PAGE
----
The American business magnate Warren Buffet’s investment in Apple (AAPL 1.29%) demonstrates a change in the global investment scenario.
Apple is turning out to be a value stock and Buffet is venturing into a domain – technology that he had avoided in the past.
Berkshire Hathaway, owned by Warren Buffet has invested over $1 billion in Apple on May 16th, 2016. The firm is also contemplating of supporting a group to purchase the internet equities of Yahoo (YHOO -0.08%).
Warren Buffet used to stay clear of technology during the dotcom boom of the 1990s. Buffet had stated in 1999, “Our problem – which we can’t solve by studying up – is that we have no insights into which participants in the tech field possess a truly durable competitive advantage.”
The strength of Berkshire Hathaway has always been in understanding when they are functioning within their area of proficiency.
The firm avoids forecasting the long-term business of firms that work in rapidly transforming sectors.
The strategy is based on two facts: Berkshire Hathaway cannot understand which tech firms have a defendable structure around them or the way technology would transform to challenge those benefits.
Apple’s exceptional brand value could be such a defendable structure, though the degree of technological transformation has accelerated since 1999.
There are not many firms that have a business, which is protected from the influence of technology and digitalization.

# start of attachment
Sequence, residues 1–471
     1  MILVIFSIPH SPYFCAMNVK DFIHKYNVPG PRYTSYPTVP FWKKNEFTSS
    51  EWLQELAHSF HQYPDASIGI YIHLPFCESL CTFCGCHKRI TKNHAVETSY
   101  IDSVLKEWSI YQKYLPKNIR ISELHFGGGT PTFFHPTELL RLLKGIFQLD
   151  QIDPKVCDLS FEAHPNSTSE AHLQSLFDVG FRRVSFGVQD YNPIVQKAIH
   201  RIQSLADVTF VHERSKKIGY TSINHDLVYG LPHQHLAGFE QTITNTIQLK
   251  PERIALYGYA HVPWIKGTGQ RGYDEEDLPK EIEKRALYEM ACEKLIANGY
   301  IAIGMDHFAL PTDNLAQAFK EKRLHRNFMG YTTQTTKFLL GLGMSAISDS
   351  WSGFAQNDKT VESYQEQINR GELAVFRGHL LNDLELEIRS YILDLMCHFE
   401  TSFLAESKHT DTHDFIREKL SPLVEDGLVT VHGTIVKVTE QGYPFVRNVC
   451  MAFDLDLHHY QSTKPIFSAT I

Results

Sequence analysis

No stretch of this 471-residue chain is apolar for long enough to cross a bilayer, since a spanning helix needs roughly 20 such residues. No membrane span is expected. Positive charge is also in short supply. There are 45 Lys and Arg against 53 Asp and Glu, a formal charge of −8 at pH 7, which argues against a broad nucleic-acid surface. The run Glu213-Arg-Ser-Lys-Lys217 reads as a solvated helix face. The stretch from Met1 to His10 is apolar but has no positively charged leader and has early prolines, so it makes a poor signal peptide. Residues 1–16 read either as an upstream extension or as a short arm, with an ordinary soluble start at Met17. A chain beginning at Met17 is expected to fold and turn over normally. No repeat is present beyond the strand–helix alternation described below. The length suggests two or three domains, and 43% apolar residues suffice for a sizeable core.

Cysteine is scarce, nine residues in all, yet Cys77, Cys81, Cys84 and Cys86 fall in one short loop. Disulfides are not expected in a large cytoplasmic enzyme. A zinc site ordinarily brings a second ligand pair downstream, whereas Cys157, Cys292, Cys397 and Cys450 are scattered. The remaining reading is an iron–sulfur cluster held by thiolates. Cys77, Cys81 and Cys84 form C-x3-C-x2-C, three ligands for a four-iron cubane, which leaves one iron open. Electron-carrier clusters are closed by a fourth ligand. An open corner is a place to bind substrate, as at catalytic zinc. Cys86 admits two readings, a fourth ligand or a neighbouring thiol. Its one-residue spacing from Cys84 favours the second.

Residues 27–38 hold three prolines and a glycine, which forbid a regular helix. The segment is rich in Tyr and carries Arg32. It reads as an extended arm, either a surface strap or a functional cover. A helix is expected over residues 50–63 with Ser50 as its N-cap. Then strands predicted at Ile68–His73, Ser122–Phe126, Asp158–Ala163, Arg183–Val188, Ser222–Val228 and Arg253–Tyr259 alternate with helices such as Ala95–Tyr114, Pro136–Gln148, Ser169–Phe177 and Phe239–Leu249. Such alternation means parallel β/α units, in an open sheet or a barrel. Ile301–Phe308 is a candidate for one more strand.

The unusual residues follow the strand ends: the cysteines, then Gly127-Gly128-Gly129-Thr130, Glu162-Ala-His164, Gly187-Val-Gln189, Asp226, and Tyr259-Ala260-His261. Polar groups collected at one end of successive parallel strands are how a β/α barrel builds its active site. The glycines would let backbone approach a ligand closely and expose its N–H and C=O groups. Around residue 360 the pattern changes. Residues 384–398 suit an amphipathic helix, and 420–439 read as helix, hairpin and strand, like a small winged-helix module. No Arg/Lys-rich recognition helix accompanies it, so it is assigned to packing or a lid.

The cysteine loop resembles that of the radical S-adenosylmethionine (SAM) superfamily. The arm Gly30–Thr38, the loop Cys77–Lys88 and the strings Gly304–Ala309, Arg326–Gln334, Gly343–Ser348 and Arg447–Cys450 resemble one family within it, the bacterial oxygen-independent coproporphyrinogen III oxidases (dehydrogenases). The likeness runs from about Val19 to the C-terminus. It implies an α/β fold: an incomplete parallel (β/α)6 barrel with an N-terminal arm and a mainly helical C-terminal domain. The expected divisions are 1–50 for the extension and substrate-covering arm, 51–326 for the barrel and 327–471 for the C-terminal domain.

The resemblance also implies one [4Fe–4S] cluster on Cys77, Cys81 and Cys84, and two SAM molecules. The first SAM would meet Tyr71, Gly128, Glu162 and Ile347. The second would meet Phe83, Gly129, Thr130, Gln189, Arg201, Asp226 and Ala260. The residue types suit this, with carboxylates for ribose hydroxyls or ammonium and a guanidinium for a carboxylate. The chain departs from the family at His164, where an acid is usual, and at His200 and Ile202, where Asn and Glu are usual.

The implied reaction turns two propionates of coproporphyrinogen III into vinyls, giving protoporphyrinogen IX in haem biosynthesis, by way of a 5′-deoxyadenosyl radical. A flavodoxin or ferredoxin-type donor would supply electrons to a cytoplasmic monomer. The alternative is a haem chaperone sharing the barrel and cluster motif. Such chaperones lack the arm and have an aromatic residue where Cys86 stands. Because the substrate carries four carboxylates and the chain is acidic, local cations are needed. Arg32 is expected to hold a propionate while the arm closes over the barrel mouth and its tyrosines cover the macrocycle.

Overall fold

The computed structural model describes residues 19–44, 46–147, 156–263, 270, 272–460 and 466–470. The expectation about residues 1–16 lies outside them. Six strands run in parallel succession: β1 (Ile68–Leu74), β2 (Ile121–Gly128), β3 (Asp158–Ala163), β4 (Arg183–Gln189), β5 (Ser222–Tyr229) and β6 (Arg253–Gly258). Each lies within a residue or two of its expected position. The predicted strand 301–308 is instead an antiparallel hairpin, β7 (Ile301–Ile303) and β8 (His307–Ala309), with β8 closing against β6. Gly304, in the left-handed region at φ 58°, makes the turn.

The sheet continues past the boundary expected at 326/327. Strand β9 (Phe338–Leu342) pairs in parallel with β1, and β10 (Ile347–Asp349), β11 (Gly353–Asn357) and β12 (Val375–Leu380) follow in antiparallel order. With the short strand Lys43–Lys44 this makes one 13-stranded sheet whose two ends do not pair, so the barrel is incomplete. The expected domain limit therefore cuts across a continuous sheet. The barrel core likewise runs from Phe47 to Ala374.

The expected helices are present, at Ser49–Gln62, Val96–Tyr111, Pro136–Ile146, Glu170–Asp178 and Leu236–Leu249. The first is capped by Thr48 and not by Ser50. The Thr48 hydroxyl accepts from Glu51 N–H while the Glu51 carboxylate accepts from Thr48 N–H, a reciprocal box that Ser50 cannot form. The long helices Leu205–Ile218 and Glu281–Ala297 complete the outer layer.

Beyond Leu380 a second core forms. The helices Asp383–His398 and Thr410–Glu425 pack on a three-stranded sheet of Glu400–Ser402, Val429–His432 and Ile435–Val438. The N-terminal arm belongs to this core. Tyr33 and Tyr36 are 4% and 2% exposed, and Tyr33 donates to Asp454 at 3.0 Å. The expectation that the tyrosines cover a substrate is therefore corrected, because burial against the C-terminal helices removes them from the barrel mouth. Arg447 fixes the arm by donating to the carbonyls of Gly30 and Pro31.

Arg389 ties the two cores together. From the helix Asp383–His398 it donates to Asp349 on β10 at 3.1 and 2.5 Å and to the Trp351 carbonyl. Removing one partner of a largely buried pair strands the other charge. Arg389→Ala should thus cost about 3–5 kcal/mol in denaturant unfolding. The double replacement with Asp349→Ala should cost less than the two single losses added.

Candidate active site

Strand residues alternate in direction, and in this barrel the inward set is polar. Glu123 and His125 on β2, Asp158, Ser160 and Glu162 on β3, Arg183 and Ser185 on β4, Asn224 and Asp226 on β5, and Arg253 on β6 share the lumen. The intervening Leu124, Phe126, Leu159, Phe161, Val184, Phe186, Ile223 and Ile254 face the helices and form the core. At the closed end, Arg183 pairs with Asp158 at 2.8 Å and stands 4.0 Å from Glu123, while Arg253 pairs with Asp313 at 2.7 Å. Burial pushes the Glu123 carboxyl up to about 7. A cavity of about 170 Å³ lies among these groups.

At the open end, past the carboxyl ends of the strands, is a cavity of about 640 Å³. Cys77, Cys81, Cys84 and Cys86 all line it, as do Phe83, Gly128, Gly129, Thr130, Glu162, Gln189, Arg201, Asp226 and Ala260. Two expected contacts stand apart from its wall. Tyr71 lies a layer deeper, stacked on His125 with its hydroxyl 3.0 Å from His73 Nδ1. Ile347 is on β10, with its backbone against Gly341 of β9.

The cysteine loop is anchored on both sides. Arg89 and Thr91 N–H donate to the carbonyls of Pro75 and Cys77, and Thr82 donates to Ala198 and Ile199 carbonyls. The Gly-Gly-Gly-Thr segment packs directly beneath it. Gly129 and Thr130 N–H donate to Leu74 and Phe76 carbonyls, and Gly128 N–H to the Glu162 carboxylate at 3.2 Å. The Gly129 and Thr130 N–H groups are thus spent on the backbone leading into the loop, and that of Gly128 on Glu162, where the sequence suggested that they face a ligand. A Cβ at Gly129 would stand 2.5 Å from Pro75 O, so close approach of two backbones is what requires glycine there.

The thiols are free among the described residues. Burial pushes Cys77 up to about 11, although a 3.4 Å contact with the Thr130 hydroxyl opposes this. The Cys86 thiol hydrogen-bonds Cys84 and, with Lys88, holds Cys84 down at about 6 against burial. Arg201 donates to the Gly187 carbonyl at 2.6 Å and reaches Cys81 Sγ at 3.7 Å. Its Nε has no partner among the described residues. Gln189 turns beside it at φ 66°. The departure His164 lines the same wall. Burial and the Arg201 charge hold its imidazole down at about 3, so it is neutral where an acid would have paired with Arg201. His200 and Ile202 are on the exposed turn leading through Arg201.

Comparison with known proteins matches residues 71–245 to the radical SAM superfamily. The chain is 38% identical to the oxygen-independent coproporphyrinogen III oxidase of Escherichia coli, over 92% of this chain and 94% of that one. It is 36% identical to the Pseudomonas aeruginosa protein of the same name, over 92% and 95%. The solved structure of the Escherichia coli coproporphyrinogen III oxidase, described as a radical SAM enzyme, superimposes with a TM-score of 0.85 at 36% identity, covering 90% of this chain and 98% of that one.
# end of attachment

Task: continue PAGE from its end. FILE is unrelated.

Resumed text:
As the influence of technology on business becomes prevalent, a strategy of waiting to determine the winners’ carries significant risk at present than at any point in the past.
An assessment of the effect of independent automobiles on insurance – a segment in which Buffett has made significant investments through GEICO would reveal that technological transformation is here to stay.
Again, Apple is now the typical value firm that Buffett usually makes his specialty. The firm is repaying the money to shareholders and is generating significant cash flows.
Technology shares, as a domain, are currently a huge portion of the market, consisting of nearly 20% of the S&P 500 index. If investors stay away from technology, then they would be restricting their ranges substantially. That is a matter of concern for Buffet as an investor.
As of now, Buffett’s entry into technology has been successful. The shares of Apple increased by 3.71 percent on May 16th, 2016 after the news came out.
Still, the critical risk outline of technology or its capability to transfer surges of risk to other sectors, is the bigger picture. The products are excellent, but as the Blackberry shareholders can confirm, the opposition and modification can be fierce.